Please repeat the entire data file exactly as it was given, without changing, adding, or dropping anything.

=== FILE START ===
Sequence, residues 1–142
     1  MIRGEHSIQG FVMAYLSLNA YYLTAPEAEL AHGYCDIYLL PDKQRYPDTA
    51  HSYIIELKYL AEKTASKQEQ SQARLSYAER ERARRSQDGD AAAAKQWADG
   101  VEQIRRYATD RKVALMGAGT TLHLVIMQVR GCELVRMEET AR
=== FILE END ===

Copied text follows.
Sequence, residues 1–142
     1  MIRGEHSIQG FVMAYLSLNA YYLTAPEAEL AHGYCDIYLL PDKQRYPDTA
    51  HSYIIELKYL AEKTASKQEQ SQARLSYAER ERARRSQDGD AAAAKQWADG
   101  VEQIRRYATD RKVALMGAGT TLHLVIMQVR GCELVRMEET AR